10 Wealth Maximization and the Theory of Institutional Response “democratic markets are organized to promote wealth maximizing outcomes” –democratically determined policies are always efficient? or –institutions respond to mitigate their inefficiencies “wealth maximization”/Kaldor-Hicks efficiency defined –no one can be made better off, even with an appropriate set of lump sum taxes and transfers –almost tautological unless transactions and decision costs are ignored –example: regulating monopolies

11 Wealth Maximizing Institutional Response – Examples voter information political opportunism, deriving from finite political lives, and alleviated by political parties –use of committee assignments to align party and member interests –facilitate vote trading –publicizing opposing party’s opportunism excessive localism by Congress –parties again

12 Olson’s bandits tax revenue = the efficiency loss of redistribution is limited when governments are stable –eg., stable dictator –eg., stable democratic majority a stable government limits taxation in order to keep the tax base sufficiently large

13 Internationally Common Features of OA Public Pensions SS spending dominates government budgets, SS redistributes from young to old, even when the elderly consume as much or more than do the young, Benefits increase with lifetime earnings and are hardly means-tested, benefit formulas induce retirement, especially in the countries with the largest SS budgets, elderly’s net income nears or exceeds nonelderly’s, and similar public pension programs emerge and grow under very different political regime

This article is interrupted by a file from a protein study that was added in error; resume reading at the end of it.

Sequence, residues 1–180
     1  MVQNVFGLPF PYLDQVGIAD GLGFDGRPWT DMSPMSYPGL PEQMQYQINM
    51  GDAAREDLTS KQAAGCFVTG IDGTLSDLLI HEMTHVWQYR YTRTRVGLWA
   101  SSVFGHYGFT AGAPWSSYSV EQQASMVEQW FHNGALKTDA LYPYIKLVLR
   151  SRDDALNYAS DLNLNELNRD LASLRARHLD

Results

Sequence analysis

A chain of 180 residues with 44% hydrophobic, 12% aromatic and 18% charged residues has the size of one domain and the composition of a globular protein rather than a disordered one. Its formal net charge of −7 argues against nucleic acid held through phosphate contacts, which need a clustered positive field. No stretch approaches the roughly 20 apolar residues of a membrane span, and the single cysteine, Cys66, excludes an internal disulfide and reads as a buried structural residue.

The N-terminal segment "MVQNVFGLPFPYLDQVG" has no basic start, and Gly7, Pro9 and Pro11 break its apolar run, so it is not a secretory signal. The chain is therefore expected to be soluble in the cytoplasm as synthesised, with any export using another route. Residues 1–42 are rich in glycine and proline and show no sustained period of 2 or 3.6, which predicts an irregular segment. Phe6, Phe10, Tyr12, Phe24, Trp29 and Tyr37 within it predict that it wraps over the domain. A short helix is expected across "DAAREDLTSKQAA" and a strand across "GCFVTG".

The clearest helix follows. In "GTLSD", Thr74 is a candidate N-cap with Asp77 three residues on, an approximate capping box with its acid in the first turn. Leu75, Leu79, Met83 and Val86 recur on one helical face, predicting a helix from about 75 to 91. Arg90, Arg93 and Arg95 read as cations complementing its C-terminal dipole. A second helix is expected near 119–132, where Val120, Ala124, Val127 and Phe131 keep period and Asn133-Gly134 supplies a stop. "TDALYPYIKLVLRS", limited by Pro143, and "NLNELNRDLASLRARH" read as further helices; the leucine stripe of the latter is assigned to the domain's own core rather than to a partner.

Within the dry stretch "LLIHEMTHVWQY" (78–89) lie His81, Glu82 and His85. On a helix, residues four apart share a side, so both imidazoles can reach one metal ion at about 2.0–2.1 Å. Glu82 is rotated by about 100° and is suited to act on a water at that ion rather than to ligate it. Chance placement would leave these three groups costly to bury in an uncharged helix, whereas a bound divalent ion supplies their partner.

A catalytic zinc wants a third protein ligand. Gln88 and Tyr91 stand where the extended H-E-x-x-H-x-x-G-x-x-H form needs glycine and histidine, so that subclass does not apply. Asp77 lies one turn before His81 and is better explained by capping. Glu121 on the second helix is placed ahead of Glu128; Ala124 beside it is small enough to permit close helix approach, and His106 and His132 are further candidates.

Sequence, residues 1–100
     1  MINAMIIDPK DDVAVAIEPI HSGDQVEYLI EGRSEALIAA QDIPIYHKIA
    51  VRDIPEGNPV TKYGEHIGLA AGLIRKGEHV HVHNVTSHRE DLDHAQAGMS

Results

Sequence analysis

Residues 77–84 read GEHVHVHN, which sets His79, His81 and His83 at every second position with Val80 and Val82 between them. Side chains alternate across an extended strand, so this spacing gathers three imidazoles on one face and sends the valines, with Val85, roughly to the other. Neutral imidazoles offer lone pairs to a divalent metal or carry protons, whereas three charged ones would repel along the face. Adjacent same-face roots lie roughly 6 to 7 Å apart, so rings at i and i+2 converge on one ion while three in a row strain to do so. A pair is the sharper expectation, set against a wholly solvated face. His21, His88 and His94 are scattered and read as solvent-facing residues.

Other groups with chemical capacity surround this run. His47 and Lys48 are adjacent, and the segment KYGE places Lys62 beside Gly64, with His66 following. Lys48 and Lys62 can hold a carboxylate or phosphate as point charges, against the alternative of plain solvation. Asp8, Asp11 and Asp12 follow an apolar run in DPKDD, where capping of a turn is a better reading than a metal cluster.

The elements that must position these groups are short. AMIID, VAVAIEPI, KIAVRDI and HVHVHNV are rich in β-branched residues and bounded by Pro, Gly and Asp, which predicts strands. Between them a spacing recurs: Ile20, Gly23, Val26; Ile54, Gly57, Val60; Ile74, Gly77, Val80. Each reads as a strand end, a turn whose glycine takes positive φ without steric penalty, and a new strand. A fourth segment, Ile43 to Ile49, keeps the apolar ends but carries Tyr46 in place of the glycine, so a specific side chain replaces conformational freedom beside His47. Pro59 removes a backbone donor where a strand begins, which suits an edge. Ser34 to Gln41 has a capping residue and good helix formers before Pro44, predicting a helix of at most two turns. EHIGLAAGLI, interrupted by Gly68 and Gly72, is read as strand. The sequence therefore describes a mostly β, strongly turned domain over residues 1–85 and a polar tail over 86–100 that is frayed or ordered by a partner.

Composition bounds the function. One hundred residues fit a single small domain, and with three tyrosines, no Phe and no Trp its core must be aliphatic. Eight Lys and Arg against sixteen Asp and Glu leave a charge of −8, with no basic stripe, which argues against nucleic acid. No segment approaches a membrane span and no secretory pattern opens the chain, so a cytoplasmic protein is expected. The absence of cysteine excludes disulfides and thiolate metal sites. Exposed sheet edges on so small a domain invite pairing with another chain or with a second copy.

14 Efficiency Theories of Social Security Social Security as risk sharing –risk of out-living one’s assets –risk of labor productivity shock –risk work disutility shock Correcting retirement market failure Preventing frugal people from being exploited by the prodigal Economize on administration costs Generational transfers as a side effect of intergenerational human capital investment Chain letters in dynamically inefficient economies

15 Electoral Rules District magnitude m = legislators per district –US m = 1 –in “theory” small districts “steer electoral competition towards narrower, geographical constituencies.” –eg., U.S. policy should be Florida-oriented –large-districts systems may have more overall spending Electoral formula –plurality rule = top m candidates win –proportional representation –“theory” says? Ballot structure: candidates vs. parties

16 Forms of Government separation of powers –between executive and legislative –nature of agenda setting confidence requirement = continuous (between election) executive support by legislature many of these differences are correlated, and summarized –“Presidential” vs “Parlaimentary”“Presidential” vs “Parlaimentary” –“majoritarian” vs “proportional”, or m –Switzerland? “theory” says: Presidential and/or majoritarian systems spend less, and in a more targeted way

17 Forms of Government – empirical results party lists associated with more corruption majoritarian not associated with corruption presidential systems, perhaps also majoritarian systems, spend much less –in particular, less social spending –among social spending, it’s all unemployment? are form of government correlated with the historical power of labor?

18 Does Political Party Matter? Theory 1: when political parties compete, they may be induced to offer much the same product (namely, what the customers want) Theory 2: